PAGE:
Chargers Dismiss Critical Report Of East Village Stadium Proposal

Chicago-based HVS Global Hospitality Services was hired for $30,000 by San Diego's Tourism Marketing District to conduct the study.

Critics of the Chargers' downtown stadium plan now have fresh ammunition for their opposition campaign -- a tourism industry study saying the project would cost far more than the tax revenue it would generate.

At Chargers Park, there's a focus not only on winning a lot of NFL games, but the hearts and minds of San Diego voters in November.

The team has nothing but contempt for the latest research that undermines their efforts.

”We've done our own study that comes to dramatically different findings,” Chargers special adviser Fred Maas told NBC 7 in an interview Thursday. “I think the best solution here would be to have an honest debate between our consultants and their consultants."

The opposition's consultants are Chicago-based HVS Global Hospitality Services, hired for $30,000 by San Diego's Tourism Marketing District.

HVS’ 62-page study concludes that the Chargers' $1.8 billion "ConVadium" plan – an all-purpose stadium in East Village, adjacent to a convention center annex -- would cost $67 million a year while bringing in $2.3 million annually in hotel room taxes.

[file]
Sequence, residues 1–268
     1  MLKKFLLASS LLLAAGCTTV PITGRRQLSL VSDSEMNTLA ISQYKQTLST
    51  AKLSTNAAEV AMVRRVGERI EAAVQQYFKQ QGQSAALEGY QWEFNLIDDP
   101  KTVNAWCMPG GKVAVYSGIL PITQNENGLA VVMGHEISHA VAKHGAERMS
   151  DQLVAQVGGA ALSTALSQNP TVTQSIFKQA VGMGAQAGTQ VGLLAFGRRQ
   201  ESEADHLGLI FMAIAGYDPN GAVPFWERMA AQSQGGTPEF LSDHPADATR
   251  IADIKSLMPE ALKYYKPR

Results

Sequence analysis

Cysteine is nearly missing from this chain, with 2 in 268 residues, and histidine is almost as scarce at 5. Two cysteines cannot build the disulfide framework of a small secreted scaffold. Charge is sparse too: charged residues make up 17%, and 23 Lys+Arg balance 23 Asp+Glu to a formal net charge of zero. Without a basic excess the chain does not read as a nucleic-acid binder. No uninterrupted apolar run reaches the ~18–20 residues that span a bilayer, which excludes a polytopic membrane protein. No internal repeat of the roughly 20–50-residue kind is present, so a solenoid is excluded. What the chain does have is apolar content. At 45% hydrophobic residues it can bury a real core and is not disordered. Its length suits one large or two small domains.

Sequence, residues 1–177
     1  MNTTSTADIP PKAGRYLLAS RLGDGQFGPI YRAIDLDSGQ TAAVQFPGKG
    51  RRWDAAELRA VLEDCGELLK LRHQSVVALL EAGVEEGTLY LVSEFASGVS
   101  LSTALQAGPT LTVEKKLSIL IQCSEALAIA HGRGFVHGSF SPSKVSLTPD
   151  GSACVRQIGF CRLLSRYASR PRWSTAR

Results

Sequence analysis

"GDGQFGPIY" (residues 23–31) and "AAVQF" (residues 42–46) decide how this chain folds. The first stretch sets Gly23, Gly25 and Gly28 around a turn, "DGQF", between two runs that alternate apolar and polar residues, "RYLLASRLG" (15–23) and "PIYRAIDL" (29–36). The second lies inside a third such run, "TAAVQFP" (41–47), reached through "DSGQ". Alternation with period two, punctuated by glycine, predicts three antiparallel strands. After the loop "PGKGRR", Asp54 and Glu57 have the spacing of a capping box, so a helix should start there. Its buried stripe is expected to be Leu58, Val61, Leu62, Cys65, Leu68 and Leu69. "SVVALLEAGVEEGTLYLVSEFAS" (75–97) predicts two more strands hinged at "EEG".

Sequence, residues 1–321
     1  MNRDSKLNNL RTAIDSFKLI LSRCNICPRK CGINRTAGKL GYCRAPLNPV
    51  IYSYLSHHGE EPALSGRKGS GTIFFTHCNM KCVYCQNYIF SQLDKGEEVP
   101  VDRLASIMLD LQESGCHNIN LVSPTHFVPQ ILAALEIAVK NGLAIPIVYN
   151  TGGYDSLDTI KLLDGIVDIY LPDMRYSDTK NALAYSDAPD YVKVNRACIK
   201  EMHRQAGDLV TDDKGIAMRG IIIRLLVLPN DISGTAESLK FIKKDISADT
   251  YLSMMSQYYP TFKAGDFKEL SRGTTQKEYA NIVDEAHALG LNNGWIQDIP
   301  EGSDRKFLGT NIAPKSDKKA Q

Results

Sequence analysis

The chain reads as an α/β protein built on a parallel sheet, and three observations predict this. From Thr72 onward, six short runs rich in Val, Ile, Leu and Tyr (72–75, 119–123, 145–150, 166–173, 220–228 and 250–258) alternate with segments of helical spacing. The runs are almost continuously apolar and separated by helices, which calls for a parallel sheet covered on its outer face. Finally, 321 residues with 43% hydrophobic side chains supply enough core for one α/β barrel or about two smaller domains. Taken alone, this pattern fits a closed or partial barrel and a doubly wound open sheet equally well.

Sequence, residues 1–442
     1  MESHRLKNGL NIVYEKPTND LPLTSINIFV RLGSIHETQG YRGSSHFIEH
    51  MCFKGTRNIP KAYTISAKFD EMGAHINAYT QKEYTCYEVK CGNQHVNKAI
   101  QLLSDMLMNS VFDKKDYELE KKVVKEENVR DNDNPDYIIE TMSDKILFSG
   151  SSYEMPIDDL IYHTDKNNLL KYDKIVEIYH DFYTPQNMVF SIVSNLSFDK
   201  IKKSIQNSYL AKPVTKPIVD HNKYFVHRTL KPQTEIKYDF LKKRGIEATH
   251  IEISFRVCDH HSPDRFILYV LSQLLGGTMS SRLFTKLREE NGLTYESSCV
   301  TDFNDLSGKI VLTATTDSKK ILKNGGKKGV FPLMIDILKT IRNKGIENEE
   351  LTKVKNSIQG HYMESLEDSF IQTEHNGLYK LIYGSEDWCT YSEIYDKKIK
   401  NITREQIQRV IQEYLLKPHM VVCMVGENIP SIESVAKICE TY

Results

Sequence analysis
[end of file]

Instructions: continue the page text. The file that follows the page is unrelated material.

The Chargers are dead-set against the city's offer of a new stadium deal at the current Qualcomm site in Mission Valley.

But recent public opinion polls show the Bolts’ field of dreams in East Village will be hard-pressed to get simple-majority support -- never mind the two-thirds super-majority required for tax measures.

"They may be stuck with San Diego; I hope that they are,” says April Boling, spokeswoman for the “No Downtown Stadium” campaign. “I hope that's what it turns out to be. Because (the Mission Valley) plan's a viable plan."

For his part, Maas isn’t inclined to look too far beyond the Nov. 8 citywide election.

"Clearly, if the voters overwhelmingly say they don't want the Chargers to stay here, that would be an important signal,” he conceded. “But I don't see that happening -- at least from the outpouring of support we've gotten so far."

Meantime, Charger fans groups haven't given up hope for a "Hail Mary" prayer being answered.

"I think what it's really going to take to make this work is for all of these people to get in a room and try to strike a deal, right?” says Jason Riggs, chairman of the 20,000-member San Diego Stadium Coalition. “I mean, there hasn't really been a lot of negotiation. It's 'Here's our plan, take it or leave it.' Or '’That plan won't work, but we're going to propose an alternate plan’."

There's still an 'L.A.' option in all this, and the Chargers have until next year to decide whether to exercise it under the purview of the NFL.

But the Rams are already going to the bank, big-time, in that market -- while the Chargers roll the dice on an uncertain outcome here, already having spent several million dollars on the cause.

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